Monthly Archives: July 2015

CILIP Conference – Part 2

ARLG NW offered a bursary to attend CILIP Conference 2015, held in Liverpool. Michelle Bond, Faculty Librarian at Liverpool Hope University, was the winner of our bursary. Her report on the conference appears in 2 parts, with the first part found here.

In my second post, I’ll cover a couple of sessions I attended that really stood out – one from each day of the conference.

Day 1

From Day 1, the highlight was Phil Bradley’s session on ‘Developments in Internet search’. Phil is always good value, as proved by the fact I had a front row seat due to the room being packed out! The last time I encountered Phil was when I was a graduate trainee way back in 2011 I think – at CILIP’s New Professionals Day, where I remember him exhorting us to be militant librarians and feeling mildly terrified at the end. This time, as a much more grown up new professional, I was really pleased to be able to update my knowledge of search (with Phil speaking much more quietly).

Phil started out talking about Google and how it’s dismantling its search engine, and starting to lose credibility. He mentioned the loss of synonym and reading level options as well as the limited advanced search options as reasons. In addition, he reminded us that Google are an advertising firm who just use search to make money. They want to give us information without us having to think, but this isn’t good – Phil used the example of searching “what happened to dinosaurs?

Phil moved on to discussing the pressures on Google search, of which there are many! These mainly come in the form of social media – Google is focussed on websites when the world has moved on to social, with the importance of the individual going up and the website going down. Social media provides a more personalised search, and allows users to turn to “experts” among their network rather than  asking Google and having to scroll through lists of results. Google has failed at social media (Google+ anyone?) and so cannot compete in this area.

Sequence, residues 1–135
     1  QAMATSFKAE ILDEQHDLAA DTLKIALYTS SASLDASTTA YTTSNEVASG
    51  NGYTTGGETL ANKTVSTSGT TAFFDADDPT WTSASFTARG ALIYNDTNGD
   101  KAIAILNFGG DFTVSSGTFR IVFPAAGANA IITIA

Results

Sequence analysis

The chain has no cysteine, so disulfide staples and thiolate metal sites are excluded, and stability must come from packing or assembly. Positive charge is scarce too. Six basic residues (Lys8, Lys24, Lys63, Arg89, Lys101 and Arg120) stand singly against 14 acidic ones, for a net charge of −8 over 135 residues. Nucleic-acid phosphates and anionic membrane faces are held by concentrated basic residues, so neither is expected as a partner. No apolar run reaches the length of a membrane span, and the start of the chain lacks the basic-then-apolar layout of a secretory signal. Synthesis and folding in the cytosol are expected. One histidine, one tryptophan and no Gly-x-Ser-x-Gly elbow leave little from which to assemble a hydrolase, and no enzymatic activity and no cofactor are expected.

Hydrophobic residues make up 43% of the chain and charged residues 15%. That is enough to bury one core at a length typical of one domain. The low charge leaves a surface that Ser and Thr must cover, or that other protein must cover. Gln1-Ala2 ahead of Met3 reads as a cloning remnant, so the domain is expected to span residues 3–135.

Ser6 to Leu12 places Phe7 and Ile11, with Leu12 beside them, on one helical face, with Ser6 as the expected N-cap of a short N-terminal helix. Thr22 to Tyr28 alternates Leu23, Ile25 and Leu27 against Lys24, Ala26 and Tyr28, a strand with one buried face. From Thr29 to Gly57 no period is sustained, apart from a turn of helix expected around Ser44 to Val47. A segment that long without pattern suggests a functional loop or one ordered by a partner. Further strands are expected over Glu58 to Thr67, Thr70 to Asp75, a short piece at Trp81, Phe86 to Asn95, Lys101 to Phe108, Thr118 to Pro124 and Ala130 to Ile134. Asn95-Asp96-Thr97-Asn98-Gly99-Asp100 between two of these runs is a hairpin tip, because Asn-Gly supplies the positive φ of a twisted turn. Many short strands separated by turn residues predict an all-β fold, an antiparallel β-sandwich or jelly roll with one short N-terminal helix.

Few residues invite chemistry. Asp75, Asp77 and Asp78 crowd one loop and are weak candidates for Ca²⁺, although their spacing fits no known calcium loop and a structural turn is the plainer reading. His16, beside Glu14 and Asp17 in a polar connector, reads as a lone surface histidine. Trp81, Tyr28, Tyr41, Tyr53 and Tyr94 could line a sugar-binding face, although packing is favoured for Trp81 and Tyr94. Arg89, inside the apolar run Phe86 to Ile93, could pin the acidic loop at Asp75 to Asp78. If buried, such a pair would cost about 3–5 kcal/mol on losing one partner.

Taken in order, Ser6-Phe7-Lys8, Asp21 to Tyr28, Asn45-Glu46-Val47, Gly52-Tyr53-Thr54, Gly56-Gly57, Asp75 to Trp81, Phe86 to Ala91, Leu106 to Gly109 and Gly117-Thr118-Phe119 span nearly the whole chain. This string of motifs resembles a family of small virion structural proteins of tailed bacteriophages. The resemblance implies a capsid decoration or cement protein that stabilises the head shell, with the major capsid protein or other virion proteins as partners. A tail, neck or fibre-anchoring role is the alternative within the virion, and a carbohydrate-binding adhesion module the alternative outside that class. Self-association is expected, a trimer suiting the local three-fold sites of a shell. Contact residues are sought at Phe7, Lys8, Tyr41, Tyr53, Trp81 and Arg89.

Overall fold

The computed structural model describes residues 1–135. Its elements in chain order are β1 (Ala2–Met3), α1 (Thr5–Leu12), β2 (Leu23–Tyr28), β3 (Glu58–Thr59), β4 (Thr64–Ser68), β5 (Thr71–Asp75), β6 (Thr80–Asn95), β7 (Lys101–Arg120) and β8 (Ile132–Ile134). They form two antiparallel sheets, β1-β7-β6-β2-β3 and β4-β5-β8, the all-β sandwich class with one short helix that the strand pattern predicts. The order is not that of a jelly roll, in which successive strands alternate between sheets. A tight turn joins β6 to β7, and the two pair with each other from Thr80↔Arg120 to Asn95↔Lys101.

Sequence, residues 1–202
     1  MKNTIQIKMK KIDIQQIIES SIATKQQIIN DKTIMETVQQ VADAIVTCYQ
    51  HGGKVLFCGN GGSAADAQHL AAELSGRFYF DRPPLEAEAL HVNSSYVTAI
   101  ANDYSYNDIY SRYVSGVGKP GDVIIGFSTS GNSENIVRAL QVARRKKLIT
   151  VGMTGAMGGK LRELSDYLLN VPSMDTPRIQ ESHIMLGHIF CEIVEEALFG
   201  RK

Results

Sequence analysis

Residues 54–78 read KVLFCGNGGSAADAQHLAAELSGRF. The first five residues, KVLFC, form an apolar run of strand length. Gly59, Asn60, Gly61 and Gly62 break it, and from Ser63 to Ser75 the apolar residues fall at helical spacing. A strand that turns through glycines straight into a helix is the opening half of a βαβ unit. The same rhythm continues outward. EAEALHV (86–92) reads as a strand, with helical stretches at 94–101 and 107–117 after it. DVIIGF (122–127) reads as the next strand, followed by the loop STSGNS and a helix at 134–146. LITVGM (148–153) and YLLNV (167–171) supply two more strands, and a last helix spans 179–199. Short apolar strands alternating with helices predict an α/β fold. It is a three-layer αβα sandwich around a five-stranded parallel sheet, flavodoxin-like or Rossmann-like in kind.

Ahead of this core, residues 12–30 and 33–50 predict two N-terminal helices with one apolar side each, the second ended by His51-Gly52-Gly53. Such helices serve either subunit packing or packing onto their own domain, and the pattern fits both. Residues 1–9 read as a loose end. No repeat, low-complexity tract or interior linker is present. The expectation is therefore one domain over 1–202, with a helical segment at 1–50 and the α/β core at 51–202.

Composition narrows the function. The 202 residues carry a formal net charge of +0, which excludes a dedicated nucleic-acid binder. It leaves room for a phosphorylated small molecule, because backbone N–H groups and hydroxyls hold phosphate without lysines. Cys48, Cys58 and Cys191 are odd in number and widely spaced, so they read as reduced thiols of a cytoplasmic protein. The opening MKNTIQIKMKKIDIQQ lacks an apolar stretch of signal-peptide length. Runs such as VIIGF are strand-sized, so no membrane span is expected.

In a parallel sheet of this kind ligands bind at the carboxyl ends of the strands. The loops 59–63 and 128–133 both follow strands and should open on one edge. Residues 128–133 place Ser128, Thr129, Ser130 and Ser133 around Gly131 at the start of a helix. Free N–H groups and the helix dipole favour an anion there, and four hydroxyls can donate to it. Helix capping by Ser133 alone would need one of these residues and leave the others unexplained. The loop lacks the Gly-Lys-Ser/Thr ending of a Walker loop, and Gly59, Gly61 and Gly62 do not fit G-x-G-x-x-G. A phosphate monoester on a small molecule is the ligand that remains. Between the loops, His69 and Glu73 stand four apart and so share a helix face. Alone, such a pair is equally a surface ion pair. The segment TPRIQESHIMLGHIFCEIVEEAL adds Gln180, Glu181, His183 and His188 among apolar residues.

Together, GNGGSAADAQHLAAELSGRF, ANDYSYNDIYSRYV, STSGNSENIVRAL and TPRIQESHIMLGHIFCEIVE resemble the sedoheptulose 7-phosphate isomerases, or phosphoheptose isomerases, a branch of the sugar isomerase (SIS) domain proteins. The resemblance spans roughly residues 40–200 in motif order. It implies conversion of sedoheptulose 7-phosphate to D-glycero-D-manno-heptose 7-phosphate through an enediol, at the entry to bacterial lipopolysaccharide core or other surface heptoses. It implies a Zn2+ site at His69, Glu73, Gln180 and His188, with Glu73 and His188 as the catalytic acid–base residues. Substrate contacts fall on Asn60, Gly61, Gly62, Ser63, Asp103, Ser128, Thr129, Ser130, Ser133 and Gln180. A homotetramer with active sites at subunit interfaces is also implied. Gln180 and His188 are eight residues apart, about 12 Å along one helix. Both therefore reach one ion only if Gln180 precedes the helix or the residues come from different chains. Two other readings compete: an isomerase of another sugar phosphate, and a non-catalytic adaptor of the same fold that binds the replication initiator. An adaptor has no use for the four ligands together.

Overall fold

Other Google problems include increasing competition from other search engines, competition from other sites (Twitter, for example is better at prediction and more up to date), and political issues such as the right to be forgotten and potentially contradictory laws from different countries that they will need to abide by. Google is attempting to fight back by giving us information before we know we need it in the form of Google Now, with Phil saying that search in future will be increasingly embedded into what we’re doing.

A few alternative search engines Phil recommended trying:




Social media search:

Social searcher




There are many more suggestions on Phil’s slides –

Day 2

Moving on to Day 2, my session highlight was Naomi Korn’s “master class in copyright compliance, management and strategy for your organisation”. Whilst I don’t have any responsibility for copyright in my organisation, it is one of my chartership areas so thought I might learn something new.

Naomi’s masterclass was, in a word, brilliant. She made a very dry sounding topic come alive and seem totally relevant. She started off by saying that copyright is now an intrinsic part of digital literacy – for people to be able to create, share, reuse, repurpose, etc. they need to understand copyright. There has been a huge cultural change since the 1988 Copyright, Designs and Patents Act was introduced – teens have a different attitude to materials, and feel they can do what they want with anything they like. Unfortunately, copyright law has not kept up with the pace of change.

Naomi stated that we need to be strategic with copyright, and manage risk, particularly with regards to the new introductions to law as no one is yet sure how far the boundaries can be pushed. Risk management involves confidence – and there is correlation between organisations having a copyright officer and their confidence in risk management. Naomi then spent time explaining why copyright is an essential issue for every organisation:

An information management issue – need to be sure you have somewhere to store licenses

A knowledge management issue – need to know what is in the licenses

A people management issue – making sure all staff know their roles and responsibilities

A policy issue – not abiding by copyright should be a disciplinary offence

A strategic issue

Essentially, copyright needs to be embedded into practice, and stopped treating as “other”. Core to this is staff engagement through policies and tools they can use (forms, summaries of key licenses, etc.). Copyright needs to be built into procedures and policy should be a living breathing thing.